A Case of Semantics: #GRtweetElite Frackus a Textbook Example of “Bypassing”

[Updated] A seemingly-innocuous social media event in Grand Rapids raised a few hackles last night:

There was a great late-night convening of the Communications Majors to discuss the philosophical underpinnings of the frackus (thanks to @seelowitz and @ekuhn for the fun discussion; it brought me back to grad school).  One of the concepts my Interpersonal Communication students cover is “bypassing”:

Bypassing: Confusion caused by the same words’ meaning different things to different people.”
(Beebe, S. A., Beebe, S. J. & Redmond, M. V. (2008). Interpersonal Communication: Relating to Others, 5th Edition, Needham Heights, MA: Allyn and Bacon.)

There are a few likely reasons for the hurt feelings:

  1. Terminology: The term “elite” (or “3l33t“) has a very specific connotation online, and the way in which it was used was a challenge to the discourse community that typically uses the term (ie tech-savvy types like hackers and gamers).  In attempting to craft a clever name that used alliteration, “Experience GR” (the organization formerly known as the Convention and Visitors Bureau) tripped into that domain.  (My vote would have gone for “GRTweetRetreat”).  It doesn’t help that the people who use the term 3l33t tend to be those who were excluded socially during their formative years (which is often what drove them online to find a sense of community).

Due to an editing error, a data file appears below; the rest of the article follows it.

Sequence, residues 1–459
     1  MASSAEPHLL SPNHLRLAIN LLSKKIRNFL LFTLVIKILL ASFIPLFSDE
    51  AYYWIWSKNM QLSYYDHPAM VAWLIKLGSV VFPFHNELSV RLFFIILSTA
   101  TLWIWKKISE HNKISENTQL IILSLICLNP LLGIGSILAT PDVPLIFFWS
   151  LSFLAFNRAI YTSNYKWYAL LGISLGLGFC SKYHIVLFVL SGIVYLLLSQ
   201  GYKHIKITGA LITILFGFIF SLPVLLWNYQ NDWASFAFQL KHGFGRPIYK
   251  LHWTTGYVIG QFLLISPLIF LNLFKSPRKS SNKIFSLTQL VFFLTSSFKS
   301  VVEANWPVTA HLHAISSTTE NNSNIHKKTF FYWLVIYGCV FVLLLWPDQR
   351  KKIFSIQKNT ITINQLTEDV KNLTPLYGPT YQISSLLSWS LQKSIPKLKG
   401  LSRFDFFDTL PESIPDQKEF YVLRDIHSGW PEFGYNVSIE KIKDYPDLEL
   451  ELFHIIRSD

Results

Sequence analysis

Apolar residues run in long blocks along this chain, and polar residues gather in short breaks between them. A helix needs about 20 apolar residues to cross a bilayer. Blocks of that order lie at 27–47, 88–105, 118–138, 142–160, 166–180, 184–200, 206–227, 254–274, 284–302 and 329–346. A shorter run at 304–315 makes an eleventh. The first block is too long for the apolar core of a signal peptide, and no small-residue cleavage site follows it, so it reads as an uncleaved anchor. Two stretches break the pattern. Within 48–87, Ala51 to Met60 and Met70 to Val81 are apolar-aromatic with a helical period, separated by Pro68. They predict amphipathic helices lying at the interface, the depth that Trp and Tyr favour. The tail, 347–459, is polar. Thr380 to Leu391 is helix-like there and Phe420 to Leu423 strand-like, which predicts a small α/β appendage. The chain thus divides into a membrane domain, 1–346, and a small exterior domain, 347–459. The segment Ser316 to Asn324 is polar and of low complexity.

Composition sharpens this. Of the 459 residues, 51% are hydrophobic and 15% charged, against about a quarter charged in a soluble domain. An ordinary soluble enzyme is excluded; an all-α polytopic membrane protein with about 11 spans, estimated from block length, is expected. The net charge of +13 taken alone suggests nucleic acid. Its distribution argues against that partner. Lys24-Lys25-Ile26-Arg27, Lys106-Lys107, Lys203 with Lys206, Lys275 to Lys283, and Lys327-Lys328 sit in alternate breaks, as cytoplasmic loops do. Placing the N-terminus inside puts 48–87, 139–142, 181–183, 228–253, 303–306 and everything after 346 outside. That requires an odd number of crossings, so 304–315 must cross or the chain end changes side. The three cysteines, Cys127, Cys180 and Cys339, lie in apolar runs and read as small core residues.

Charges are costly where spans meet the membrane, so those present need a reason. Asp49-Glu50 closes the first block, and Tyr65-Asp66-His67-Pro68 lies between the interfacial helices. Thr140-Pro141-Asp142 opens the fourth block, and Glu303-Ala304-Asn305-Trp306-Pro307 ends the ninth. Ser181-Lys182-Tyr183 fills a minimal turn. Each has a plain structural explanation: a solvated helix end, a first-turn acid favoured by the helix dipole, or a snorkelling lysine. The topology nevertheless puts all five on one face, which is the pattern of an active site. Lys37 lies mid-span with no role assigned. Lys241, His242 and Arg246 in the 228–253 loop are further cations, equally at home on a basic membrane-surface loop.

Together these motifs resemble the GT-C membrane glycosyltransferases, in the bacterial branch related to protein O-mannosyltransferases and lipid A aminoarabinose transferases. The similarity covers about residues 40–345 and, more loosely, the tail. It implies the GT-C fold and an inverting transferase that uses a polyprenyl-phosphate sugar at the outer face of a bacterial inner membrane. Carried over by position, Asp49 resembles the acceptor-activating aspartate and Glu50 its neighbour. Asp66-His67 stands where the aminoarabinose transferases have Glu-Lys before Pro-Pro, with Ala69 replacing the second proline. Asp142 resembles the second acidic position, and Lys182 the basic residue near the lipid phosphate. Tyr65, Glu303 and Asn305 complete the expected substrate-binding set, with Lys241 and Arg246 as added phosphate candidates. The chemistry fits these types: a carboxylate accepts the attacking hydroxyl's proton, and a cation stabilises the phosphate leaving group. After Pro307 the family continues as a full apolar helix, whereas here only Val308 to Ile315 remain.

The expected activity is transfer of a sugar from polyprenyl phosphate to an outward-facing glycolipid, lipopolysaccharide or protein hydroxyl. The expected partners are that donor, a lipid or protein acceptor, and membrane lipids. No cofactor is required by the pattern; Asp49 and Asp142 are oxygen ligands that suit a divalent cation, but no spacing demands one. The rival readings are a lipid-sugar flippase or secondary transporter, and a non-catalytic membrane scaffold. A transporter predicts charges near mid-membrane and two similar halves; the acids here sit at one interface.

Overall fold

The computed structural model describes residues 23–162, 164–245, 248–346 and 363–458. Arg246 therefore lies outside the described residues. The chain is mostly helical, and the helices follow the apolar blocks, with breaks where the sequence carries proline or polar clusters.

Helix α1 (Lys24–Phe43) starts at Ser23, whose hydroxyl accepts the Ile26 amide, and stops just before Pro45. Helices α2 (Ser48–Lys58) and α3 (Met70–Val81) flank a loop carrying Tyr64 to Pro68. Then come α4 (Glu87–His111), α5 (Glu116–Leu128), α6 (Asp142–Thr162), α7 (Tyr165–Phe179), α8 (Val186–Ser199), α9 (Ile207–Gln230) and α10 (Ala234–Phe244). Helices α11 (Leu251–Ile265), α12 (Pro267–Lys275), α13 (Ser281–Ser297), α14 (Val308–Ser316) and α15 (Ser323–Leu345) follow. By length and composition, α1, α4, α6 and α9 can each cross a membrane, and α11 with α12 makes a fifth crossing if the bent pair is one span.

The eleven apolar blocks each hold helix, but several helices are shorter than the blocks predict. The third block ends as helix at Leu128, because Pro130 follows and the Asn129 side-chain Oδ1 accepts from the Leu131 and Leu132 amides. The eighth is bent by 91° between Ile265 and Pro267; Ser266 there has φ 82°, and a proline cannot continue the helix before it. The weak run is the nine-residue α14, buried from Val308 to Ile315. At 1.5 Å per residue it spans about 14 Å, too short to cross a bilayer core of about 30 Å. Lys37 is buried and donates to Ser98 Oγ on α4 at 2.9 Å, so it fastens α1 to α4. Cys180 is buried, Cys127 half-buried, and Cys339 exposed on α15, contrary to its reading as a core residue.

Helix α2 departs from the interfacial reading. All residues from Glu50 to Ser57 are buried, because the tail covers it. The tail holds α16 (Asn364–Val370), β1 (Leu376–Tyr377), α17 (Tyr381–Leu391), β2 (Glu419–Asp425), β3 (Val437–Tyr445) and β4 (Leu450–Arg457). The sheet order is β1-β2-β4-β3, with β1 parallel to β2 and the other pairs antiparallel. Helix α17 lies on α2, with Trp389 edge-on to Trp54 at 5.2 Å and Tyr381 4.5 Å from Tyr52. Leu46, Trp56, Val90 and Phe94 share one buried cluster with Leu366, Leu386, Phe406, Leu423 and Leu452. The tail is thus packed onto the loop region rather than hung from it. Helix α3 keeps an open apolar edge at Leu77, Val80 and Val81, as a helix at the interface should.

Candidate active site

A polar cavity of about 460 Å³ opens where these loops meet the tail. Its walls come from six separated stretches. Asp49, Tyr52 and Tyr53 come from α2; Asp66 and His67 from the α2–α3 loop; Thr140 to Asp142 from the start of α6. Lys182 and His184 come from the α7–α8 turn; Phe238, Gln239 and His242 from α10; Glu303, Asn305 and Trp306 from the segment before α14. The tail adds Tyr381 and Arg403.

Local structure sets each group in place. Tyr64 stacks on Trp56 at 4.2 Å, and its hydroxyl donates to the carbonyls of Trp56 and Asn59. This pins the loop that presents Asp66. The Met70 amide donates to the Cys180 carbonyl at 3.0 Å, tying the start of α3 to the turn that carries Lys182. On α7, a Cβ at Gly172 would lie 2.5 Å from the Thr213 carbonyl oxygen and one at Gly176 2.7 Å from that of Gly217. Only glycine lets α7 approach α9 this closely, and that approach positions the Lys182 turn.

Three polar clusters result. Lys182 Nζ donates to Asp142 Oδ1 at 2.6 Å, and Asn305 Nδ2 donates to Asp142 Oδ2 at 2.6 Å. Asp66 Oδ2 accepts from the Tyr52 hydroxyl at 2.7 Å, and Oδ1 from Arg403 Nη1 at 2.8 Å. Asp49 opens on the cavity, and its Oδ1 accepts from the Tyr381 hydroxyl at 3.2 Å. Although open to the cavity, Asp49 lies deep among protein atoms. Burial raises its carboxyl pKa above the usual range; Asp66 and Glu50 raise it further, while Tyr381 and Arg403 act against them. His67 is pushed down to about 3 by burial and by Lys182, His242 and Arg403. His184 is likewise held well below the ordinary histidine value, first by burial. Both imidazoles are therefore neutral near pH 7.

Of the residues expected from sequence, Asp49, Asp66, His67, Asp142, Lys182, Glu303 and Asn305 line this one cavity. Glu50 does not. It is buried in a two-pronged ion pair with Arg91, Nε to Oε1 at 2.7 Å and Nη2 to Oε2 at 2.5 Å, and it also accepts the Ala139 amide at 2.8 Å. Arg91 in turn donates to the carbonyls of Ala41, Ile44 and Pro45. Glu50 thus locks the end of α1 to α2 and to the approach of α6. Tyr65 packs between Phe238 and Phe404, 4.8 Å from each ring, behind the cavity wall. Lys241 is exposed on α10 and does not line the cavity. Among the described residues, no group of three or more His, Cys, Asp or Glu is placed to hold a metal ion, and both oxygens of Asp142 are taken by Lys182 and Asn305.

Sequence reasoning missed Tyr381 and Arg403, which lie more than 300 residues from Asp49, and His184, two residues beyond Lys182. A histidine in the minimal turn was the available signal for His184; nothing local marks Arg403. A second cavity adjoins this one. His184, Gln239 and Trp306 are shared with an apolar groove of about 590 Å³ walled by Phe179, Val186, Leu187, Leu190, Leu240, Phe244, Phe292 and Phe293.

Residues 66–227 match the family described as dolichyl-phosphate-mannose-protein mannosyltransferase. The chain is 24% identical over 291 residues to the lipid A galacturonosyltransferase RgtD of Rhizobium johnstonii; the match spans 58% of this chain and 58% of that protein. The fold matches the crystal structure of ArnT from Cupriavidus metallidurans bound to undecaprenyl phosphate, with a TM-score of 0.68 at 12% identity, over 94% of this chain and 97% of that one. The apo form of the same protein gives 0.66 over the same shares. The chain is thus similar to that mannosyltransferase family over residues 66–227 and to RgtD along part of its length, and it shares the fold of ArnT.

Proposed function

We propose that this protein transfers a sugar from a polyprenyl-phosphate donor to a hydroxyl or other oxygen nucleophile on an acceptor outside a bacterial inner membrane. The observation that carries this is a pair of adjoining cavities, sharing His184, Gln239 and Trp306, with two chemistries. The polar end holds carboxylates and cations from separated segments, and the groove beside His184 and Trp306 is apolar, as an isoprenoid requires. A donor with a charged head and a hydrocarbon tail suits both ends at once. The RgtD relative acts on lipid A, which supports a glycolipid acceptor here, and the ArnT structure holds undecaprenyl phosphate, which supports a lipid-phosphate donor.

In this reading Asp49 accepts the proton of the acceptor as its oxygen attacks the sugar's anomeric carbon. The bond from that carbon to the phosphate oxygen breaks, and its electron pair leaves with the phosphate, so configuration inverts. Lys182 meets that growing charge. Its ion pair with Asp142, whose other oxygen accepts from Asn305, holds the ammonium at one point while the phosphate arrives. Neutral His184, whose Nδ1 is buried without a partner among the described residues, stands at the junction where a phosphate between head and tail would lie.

2. Ownership: Social media isn’t owned by anyone.  The democratized nature of the medium means that to co-opt its status as a media darling buzz word for the purposes of an unveiling event rubs some people the wrong way.  Similarly, inviting only certain people to an event belies the inclusive nature of Web 2.0 technologies (as does classifying anything as “elite”).
  3. Personal Pride: As the traditional media declines, many communications professionals are jockeying for position in the social media world, and their professional reputation depends on being plugged in to the various communities that are thriving online.  Whether or not ExperienceGR/CVB intended to do so, the result of the event was to ascribe “elite” status to the attendees that they may not have earned – and simultaneously to exclude a broad swath of the social media pros online from claiming that status.  To wit – that’s exactly how the event is now being portrayed by those that covered the event:“Yesterday the Grand Rapids/Kent County Convention unveiled their new name … Experience Grand Rapids.  Experience Grand Rapids unveiled its name and logo Tuesday night with an invite-only party called the ‘GR Tweet Elite’.” (via GR Social Diary’s Facebook page)

Hopefully other organizations will be able to learn from this experience in planning future social media events.

UPDATE: As a PR pro, it strikes me that if you’re going to host a Twitter event to announce a new name for an organization, you might want to own the Twitter account for that new organization name and have it active (right now “@experiencegr” is an account with zero followers that has its tweets protected):

Screen capture of the @experiencegr Twitter Account
Screen capture of the @experiencegr Twitter Account


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